According to Weil organisational capacity is the strength of the union’s internal organisation (eg increasing union density, active articulate members), while strategic leverage is the factors outside of the union that give the union added power (eg political and community allies, labour shortages, legal cases, public support).

The unanimous vote in Parliament in favour of the 2017 Care and Support Pay Equity (Settlement) Act, following a union-negotiated $2.2 billion settlement, was not just a win for 55,000 low-paid care and support workers, but a confirmation of this theory.

For 40 years aged residential care workers, joined at a later stage by their comrades in disability support and home support, had struggled to build both organisational capacity and strategic leverage to have the undervaluation of their work recognised and put right.

The eventual success of this struggle must be understood in this context.

Creating Minimum Conditions

The award system, which for nearly 100 years provided national minimum wage rates for private sector occupations, almost completely missed aged residential care workers.

The first award was achieved for rest home workers in 1973, but only for those in the Canterbury District. This award was opposed by the majority of rest home owners in the area, who were represented by the Religious and Welfare Providers Group.

They applied to the Arbitration Court for their exclusion from the award because their workforce was mainly “married women” who saw the work “primarily as a contribution to a worthy cause”. They submitted a letter from a female worker who stated that she was “completely satisfied” with her current situation.

The court sided with the union and rejected the application, although the fight did not finish there, as nine years later the Salvation Army was still arguing that it was not covered by the award because it was not seeking “any pecuniary gain” from the work. The court again rejected this argument and said that the Salvation Army workers should receive the award conditions.

The Hotel and Hospital Workers Federation organised throughout the rest of the country and finally in 1980 achieved a New Zealand-wide Rest Home Workers Award.

The 1970s saw all awards phasing out female-specific pay rates as the 1972 Equal Pay Act outlawed discriminatory pay rates on the basis of gender. Rest home workers hardly noticed such a change, even in Canterbury, as it was hard to find a male worker, although the Arbitration Court nominated an arbitrary rate that was to be achieved in four steps.

Organising in the 1980s

While the Muldoon-led National Government’s 1982-84 wage freeze held up improvements in workers’ conditions, the election of the Lange-led Labour Government saw the removal of the wage freeze, and the organising of rest home workers taking off with a new drive for union workplace  structures, union delegate education, regional and national delegates’ meetings.

The Government policy of moving continuing care patients out of public hospitals into aged residential care put the focus on the difference between the wage rates for Hotel and Hospital Workers Union public hospital members (cleaners, food service workers and orderlies) and rest home members.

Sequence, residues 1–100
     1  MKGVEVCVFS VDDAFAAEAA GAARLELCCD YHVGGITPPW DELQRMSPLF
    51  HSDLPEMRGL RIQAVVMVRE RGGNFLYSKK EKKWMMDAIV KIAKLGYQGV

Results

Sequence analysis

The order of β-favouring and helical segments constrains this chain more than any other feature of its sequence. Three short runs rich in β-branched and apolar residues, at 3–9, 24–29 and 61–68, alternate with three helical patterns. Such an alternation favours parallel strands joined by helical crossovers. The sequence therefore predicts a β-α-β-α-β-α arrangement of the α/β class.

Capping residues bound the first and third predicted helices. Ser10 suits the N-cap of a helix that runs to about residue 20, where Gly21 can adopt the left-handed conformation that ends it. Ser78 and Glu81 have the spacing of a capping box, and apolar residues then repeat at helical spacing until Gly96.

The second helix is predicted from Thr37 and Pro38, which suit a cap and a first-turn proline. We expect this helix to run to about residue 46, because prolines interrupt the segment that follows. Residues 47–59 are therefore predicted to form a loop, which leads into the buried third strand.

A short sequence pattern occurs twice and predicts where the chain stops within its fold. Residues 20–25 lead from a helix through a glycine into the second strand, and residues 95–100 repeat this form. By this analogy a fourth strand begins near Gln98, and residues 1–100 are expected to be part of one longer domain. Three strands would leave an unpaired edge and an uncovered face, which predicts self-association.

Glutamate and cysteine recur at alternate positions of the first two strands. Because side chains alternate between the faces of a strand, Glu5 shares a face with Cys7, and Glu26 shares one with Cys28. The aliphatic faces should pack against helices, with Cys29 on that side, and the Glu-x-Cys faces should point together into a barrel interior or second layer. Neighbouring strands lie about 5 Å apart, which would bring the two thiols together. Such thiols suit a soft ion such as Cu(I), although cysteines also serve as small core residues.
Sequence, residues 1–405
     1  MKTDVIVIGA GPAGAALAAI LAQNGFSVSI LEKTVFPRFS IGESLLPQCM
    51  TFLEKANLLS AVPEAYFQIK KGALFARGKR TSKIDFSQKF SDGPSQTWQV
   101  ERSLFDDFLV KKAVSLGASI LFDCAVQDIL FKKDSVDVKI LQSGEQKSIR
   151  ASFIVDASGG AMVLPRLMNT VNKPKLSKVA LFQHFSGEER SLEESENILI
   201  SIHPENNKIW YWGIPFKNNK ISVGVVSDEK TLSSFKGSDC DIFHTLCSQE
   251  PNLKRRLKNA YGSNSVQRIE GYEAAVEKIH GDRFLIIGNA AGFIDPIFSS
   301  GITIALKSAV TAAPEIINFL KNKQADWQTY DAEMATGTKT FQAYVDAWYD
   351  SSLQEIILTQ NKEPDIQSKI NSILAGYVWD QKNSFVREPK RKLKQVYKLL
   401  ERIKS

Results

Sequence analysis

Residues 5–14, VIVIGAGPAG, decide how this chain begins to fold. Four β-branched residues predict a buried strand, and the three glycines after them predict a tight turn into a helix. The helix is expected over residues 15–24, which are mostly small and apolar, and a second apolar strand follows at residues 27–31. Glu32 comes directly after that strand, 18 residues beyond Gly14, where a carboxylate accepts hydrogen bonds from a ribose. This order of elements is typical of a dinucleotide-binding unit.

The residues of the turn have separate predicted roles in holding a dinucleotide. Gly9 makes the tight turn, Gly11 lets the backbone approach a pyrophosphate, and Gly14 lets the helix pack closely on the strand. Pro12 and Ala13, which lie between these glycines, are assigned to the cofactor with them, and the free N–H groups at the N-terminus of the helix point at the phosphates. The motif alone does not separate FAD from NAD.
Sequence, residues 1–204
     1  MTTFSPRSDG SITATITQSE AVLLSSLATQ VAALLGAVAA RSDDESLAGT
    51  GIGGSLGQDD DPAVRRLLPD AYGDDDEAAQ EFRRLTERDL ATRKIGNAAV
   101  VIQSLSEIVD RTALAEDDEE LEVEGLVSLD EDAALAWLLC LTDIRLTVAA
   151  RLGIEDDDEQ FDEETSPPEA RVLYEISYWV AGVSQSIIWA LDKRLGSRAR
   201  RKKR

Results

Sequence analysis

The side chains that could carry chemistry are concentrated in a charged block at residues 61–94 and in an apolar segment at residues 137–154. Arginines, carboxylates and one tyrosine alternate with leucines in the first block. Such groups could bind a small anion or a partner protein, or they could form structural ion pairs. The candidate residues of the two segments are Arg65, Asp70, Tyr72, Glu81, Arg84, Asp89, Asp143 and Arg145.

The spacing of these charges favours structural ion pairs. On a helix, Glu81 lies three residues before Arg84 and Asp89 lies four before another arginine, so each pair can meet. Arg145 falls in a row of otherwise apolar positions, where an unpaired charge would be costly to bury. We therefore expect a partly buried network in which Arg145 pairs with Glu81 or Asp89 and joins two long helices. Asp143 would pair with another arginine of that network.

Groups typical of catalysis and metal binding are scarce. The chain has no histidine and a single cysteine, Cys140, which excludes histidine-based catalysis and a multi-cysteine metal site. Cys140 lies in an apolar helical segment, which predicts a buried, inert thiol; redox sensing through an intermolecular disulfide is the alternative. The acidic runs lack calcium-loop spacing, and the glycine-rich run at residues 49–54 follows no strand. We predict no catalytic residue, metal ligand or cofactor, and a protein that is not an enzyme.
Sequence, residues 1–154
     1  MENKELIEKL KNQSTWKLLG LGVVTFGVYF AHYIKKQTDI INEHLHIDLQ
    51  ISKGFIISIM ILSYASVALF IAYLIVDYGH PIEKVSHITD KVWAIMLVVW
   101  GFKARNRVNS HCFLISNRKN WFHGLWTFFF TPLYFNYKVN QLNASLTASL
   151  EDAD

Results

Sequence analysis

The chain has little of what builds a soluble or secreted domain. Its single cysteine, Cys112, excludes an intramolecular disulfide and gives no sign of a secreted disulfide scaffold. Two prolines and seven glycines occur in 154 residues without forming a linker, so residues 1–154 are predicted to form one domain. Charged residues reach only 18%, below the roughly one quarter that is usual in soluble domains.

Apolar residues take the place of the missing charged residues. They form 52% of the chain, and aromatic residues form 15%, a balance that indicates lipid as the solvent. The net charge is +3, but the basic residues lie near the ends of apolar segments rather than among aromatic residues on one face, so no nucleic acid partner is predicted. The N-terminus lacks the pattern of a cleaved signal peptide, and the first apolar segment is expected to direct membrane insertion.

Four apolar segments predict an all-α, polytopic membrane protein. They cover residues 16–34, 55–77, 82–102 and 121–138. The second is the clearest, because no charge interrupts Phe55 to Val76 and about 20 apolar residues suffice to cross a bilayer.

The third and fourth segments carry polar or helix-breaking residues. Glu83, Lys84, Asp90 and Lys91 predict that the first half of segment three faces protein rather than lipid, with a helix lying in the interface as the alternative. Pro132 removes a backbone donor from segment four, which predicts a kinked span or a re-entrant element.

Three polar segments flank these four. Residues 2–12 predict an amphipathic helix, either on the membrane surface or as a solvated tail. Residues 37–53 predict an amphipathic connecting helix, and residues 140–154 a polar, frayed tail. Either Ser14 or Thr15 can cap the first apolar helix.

The NZ Rest Home Award rate at the time was $4.45 an hour, the weekend part-time rates were time and a quarter, and penal rates for working on public holidays were less than double time.

Public hospital part-time workers at that time were paid $5.49 an hour, time and a quarter at nights, time and a half and double time for working weekends, and triple time for public holidays.

The claim from rest home workers to match the public hospital employment conditions was supported enthusiastically by meetings of rest home workers, but industry employers were less than enthusiastic without additional government funding.

Although compulsory arbitration had been removed in 1984, because of the rise in the organisational capacity of its unionised workforce, including the first sector strikes, the aged care employers agreed that union parity claims could go to the Arbitration Court for a decision in both 1985 and 1987.

The union was not fully successful before the Court. The Court focussed on the distinction between hospitals as part of the “health system” and rest homes as part of “welfare services”, although the Court increased the wage rates in the sector by more than double the increases being achieved by workers in the wider New Zealand economy. For the first time, the Court accepted that workers supporting residents with personal care were entitled to a higher rate (equivalent to the cook’s rate) to recognise the skill required in this job and introduced an additional allowance for caregivers with a Level 1 qualification.

While the employers’ all-male witnesses in the 1987 case all argued that the work of caregivers was unskilled (one said the work was “similar to the work that women did in their own homes”), they did agree to many of the union demands to lift the employment conditions of the predominantly female workforce by the end of the 1980s.

The caregiver base rates increased to be only slightly less than the public hospital rates, weekend rates had been increased to time-and-a-half, a shift payment and free meal had been introduced for night shift workers, bereavement leave had been improved, sick leave had increased to 10 days per year, the award coverage had been extended to day centres for the elderly and caregivers were looking at using the about-to-be-passed Employment Equity Act 1990 as a point of leverage to increase their wages even further.